Beethoven’s musical output is often conveniently divided into three periods. In the first he uses the language of Viennese classicism established by earlier composers, above all Haydn and Mozart, with the emphasis on clarity, restraint, and balance.
In the second period he moves beyond the conventions of classicism and writes with a bolder, more personal tone, often with very powerful surges toward moods of triumph, tragedy and transformation.
In the third period, the earlier urgency gives way to moods that have been described by words such as ‘interior’, ‘contemplative’ and ‘visionary’.
Christopher plays three sonatas from the canon of Beethoven’s 32 Piano Sonatas that represent each of these periods; the light-hearted Sonata in F Op 10 No 2, the popular ‘Moonlight’ Sonata Op 27 no 2 to the Sonata in E minor Op 90.
Music by German romantic composers, who were highly influenced by Beethoven’s legacy, Robert Schumann and Johannes Brahms, complete the selection.
At 12 pm on Sunday, September 18, new KZN Ensemble, Gypsy Strings, will be performing a colourful bouquet of Balkan classical folk tunes in the concert Gypsy Quartet.
The music programme features arrangements from Bartok, Martinu, Vladigerov and many others.
The performers are the well-known KZN Philharmonic players, Ralitza Macheva (Bulgaria), Annamaria D’Andrea (Italy) and Ralitsa Pechoux (Bulgaria) on strings. The drums are brought together by the excellent percussionist Stephan Pechoux (France)
Two Guitars – James Grace and Jonathan Crossley is next up in the Chapel at 2 pm on Sunday, September 18.
Acclaimed guitarists, James Grace and Jonathan Crossley, present an innovative and varied programme at the Hilton Arts Festival.
Both artists are accomplished soloists and chamber musicians, maintaining full-time performing and teaching careers which regularly takes them throughout Southern Africa, Europe and the UAE.
In this concert, the duo will perform original works for two guitars by composers including the Italian, Ferdinando Carulli, and Julio Cesar Oliva, from Mexico, alongside arrangements of works by Manuel de Falla and Manuel Maria Ponce, among others.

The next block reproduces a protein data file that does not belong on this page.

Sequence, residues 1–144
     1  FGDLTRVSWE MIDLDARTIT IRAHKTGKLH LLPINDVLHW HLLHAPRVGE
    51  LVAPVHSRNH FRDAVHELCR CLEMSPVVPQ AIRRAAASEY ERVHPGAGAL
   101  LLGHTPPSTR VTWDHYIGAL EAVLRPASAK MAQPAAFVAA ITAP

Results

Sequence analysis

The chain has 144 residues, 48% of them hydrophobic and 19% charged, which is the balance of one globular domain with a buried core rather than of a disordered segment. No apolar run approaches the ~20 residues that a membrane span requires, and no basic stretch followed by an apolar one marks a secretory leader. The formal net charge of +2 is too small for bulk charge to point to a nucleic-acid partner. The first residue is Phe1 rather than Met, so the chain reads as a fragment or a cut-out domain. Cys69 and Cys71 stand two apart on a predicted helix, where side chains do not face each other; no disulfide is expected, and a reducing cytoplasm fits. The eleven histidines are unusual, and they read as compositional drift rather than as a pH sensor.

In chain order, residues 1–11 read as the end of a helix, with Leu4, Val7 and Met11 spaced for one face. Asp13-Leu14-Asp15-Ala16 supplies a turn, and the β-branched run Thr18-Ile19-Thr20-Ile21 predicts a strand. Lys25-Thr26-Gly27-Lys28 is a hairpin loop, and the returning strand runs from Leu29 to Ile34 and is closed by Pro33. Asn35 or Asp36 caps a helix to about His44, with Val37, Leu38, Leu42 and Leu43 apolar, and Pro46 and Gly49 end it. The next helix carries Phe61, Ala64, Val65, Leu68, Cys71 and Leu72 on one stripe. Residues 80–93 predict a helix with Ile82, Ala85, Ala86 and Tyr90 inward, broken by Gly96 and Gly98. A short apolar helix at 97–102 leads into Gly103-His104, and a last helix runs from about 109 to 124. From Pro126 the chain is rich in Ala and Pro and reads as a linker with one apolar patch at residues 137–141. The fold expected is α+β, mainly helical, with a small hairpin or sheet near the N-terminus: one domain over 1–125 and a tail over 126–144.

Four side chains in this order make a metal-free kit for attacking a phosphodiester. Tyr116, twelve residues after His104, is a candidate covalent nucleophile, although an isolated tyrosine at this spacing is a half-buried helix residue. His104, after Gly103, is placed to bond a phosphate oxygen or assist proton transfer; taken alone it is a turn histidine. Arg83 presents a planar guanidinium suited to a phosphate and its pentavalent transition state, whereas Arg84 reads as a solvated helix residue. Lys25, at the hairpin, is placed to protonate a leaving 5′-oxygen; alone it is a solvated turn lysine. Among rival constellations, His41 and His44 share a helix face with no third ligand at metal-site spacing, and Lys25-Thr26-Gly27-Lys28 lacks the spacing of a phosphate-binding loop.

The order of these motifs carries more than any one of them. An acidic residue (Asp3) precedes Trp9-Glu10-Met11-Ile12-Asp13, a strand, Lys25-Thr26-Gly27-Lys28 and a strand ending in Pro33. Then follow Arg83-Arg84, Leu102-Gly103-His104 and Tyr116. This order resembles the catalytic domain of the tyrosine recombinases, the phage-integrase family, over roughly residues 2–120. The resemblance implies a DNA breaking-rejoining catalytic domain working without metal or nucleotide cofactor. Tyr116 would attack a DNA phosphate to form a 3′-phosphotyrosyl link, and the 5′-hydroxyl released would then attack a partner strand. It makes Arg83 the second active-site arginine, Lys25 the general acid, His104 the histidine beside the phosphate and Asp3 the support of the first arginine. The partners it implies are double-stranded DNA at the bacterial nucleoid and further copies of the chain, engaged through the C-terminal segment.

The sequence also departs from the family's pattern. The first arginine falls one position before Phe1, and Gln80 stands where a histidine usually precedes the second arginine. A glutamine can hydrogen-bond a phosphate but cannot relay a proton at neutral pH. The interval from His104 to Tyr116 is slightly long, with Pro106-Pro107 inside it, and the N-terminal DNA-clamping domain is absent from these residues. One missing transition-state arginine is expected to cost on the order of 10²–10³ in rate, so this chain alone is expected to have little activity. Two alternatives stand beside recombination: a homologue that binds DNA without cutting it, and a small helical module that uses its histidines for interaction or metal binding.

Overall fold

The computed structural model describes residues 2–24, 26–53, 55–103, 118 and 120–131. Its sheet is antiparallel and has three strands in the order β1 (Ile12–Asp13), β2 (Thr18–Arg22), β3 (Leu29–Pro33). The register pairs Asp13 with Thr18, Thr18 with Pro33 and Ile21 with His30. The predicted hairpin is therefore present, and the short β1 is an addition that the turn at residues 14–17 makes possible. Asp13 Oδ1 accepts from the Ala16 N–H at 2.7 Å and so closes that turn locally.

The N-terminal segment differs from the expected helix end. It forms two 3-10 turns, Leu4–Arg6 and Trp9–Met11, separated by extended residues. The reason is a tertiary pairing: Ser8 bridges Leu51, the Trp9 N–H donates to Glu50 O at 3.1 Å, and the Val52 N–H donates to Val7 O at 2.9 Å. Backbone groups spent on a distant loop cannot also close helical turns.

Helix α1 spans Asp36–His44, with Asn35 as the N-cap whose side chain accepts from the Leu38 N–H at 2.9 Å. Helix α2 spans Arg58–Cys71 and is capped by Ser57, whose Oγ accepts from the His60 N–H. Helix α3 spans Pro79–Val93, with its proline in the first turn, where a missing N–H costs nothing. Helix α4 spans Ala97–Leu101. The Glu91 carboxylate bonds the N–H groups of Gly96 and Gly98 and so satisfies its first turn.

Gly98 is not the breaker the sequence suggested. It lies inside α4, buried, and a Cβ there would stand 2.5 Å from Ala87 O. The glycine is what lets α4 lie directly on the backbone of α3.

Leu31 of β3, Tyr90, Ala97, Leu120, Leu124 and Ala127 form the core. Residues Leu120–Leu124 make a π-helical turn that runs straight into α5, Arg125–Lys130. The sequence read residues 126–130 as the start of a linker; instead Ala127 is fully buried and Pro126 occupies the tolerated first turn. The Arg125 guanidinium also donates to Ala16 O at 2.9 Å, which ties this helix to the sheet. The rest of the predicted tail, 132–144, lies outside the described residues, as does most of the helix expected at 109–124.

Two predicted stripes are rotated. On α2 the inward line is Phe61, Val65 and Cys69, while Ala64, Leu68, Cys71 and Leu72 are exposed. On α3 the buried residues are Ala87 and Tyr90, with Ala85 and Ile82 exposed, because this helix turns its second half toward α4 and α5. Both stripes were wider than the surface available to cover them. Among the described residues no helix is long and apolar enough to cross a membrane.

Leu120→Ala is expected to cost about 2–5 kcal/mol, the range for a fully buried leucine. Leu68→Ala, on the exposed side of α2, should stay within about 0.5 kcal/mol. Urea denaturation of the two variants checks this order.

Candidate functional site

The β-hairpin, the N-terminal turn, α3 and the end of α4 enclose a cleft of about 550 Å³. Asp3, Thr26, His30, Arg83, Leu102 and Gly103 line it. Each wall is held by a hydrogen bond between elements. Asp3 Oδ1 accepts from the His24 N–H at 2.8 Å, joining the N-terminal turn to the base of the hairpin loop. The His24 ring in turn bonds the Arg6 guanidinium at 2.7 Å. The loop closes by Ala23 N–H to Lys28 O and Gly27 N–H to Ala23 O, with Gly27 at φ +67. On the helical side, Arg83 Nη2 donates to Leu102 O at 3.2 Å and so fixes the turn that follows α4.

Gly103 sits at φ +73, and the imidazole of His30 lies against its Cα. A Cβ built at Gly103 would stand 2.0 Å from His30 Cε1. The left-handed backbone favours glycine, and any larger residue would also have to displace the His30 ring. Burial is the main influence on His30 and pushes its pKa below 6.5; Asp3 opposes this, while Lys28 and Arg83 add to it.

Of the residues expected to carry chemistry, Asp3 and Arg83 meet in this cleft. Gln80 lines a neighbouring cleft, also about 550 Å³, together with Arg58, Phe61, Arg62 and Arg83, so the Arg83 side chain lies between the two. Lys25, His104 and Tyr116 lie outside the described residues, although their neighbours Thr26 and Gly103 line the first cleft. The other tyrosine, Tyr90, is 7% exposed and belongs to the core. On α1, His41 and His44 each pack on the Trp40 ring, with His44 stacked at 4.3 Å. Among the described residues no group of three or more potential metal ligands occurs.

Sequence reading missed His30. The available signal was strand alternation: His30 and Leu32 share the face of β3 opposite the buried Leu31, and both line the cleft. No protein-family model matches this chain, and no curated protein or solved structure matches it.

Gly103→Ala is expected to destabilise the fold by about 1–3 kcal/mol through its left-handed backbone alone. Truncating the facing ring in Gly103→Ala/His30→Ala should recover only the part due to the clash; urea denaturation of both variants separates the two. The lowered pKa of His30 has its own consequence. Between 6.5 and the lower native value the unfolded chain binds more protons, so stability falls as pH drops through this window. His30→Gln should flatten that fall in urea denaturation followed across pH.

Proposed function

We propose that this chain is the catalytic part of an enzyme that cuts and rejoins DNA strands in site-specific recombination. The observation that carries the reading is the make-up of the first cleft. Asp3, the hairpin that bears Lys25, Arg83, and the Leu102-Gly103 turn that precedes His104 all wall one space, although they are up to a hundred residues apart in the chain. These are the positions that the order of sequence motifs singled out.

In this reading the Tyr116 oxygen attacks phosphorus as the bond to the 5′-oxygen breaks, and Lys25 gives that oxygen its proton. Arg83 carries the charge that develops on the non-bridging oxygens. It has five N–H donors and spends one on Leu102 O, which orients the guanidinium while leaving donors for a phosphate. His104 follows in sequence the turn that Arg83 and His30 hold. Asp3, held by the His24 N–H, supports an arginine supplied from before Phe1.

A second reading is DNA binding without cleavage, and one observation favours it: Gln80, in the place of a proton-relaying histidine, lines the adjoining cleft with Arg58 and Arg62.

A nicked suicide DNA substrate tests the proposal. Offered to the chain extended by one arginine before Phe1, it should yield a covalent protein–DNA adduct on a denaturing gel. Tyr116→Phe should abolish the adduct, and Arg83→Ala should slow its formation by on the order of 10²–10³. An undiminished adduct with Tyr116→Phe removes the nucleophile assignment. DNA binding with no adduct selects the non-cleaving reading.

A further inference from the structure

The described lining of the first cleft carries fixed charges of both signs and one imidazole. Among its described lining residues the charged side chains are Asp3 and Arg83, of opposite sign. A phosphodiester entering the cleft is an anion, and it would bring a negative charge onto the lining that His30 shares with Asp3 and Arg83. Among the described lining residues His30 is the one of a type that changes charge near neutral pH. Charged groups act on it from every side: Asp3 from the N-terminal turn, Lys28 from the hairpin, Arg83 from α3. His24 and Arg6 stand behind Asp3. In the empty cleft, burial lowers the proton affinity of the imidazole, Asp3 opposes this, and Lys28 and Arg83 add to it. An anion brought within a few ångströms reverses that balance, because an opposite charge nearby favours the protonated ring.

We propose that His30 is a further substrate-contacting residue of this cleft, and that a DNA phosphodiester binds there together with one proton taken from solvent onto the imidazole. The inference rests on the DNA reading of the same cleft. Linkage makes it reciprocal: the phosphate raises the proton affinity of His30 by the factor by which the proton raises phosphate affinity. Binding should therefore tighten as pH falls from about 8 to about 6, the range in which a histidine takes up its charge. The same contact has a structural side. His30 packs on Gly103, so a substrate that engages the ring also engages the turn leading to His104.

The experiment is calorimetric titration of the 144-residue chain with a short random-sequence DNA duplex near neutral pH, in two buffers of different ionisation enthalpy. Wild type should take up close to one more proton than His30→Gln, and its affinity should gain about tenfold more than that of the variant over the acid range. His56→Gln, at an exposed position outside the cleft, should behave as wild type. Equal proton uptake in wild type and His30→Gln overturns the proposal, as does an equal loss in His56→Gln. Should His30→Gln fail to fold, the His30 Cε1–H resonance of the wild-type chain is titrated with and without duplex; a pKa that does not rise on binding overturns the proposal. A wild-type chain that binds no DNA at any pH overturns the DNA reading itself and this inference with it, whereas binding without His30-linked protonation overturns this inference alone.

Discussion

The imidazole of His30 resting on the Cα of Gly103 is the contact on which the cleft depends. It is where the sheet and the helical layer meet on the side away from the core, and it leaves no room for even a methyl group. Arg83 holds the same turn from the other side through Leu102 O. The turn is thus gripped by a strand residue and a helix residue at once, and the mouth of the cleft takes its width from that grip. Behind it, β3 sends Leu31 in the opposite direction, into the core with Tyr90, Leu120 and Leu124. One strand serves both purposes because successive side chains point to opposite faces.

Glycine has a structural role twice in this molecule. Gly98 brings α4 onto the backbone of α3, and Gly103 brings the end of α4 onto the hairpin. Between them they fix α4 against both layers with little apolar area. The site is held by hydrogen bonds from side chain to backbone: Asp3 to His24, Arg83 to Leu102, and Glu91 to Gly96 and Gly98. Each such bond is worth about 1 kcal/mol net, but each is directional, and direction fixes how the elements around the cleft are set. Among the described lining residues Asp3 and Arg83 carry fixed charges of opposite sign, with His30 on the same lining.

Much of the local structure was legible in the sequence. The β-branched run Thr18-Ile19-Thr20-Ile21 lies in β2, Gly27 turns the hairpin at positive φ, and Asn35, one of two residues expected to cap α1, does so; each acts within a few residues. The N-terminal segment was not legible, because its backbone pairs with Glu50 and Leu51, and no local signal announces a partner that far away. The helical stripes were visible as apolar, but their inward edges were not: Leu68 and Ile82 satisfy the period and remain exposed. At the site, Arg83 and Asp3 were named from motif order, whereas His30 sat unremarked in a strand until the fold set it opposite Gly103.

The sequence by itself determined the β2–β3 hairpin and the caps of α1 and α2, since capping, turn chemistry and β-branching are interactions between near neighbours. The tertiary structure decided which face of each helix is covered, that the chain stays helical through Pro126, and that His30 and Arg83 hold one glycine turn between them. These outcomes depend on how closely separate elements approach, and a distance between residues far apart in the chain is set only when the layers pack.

The concert is one of two free concerts at the Hilton Arts Festival sponsored by Marriott, The Income Specialists.
Booking is essential.
The final concert in the Music Revival series is BEETHOVEN IV – The Clarinet Trio and Saint-Saëns, which takes place at 4 pm on Sunday, September 18.
Young musicians, Junnan Sun (clarinet) and Aristide du Plessis (cello), join Christopher Duigan in a spirited selection of music for clarinet, cello and piano.
Beethoven wrote his Trio in B-flat Op. 11 in1797 at the request of Joseph Beer, a noted clarinettist of the time, who, however, considered it an insufficiently flashy vehicle for his talents and may never have performed it.
Beethoven used a melody drawn from Joseph Weigl’s opera L’Amor mariner in the variations of the finale of this trio. The tune was all the rage in Vienna at the time, to the point where it was hummed and whistled in the city’s streets, and gave the trio the nickname “Gassenhauer” (street tune).
Contrasting in this selection is the Clarinet Sonata by Camille Saint-Saëns. In the last year of his life, at the age of 85, Saint-Saëns was still active as a composer and conductor, travelling between Algiers and Paris.
Besides a final piano album leaf, his last completed works were three sonatas, one each for oboe, clarinet, and bassoon. He intended to write sonatas for another three wind instruments, but was never able to.
The programme is completed by Beethoven’s ebullient Sonata in A major Op 69 – a tour de force of lyricism and brilliance that signals one of the first major compositions for this piano cello combination, and sees Beethoven at his most optimistic.